The Wall Street Journal takes note of the human toll caused by the coal industry’s decline in eastern Kentucky. The article points to the influx of cheap natural gas, combined with the rise of mining and transportation costs of central Appalachian coal, as the main drivers of the regional industry’s decline.
“The human toll is starkly evident. In Kentucky’s Harlan County, the number of mining jobs had fallen 48% from 2011 through June, according to the Journal analysis. The county’s unemployment rate had risen to 16.3% as of August, the 13th highest of more than 3,000 counties in the nation, according to Bureau of Labor Statistics estimates.
“Some declines are sharper in neighboring counties. As of June, mining jobs were down 54% in Letcher County from 2011, and laid-off miners are the equivalent of nearly half of unemployed workers. In smaller Knott County, mining jobs are down 68% from 2011, and the number of laid-off miners roughly equals the county’s unemployed population.”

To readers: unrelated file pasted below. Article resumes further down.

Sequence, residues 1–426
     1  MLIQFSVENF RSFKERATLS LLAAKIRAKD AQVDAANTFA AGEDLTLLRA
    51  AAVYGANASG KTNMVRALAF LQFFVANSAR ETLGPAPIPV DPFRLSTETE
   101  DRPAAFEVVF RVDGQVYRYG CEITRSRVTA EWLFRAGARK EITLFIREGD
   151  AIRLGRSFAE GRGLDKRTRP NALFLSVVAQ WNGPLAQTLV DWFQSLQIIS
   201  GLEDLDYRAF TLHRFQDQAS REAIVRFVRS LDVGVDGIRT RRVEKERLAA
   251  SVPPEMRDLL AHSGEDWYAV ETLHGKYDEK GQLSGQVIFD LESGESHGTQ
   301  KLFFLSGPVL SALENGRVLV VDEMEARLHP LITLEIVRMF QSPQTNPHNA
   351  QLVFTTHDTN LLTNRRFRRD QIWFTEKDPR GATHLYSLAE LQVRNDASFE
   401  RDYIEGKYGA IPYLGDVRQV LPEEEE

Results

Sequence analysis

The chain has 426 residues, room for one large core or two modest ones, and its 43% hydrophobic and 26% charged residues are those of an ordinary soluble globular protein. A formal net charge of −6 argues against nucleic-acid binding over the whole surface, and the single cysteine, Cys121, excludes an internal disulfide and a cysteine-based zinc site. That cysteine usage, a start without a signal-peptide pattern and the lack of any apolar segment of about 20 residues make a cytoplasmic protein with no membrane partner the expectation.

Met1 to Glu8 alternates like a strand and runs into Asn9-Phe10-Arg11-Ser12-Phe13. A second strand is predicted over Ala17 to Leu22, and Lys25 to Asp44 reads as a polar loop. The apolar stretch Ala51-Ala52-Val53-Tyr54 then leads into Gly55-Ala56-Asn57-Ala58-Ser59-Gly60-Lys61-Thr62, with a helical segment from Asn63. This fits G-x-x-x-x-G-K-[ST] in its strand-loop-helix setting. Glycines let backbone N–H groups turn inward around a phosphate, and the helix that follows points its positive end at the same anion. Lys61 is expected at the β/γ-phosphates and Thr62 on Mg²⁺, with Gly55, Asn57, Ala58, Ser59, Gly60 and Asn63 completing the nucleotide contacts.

The authors are also quick to point out that eastern Kentucky is at a slight disadvantage to areas such as West Virginia and Virginia:
“Even West Virginia and Virginia have some advantages over eastern Kentucky. They possess higher grades of coal, including more reserves of metallurgical coal used in steelmaking that currently sell for about $150 a ton. Less direct rail routes out of eastern Kentucky also make its coal more expensive to transport.”
The article, which documents the lives of miners, former miners, and citizens in Harlan County, Kentucky, can be found here.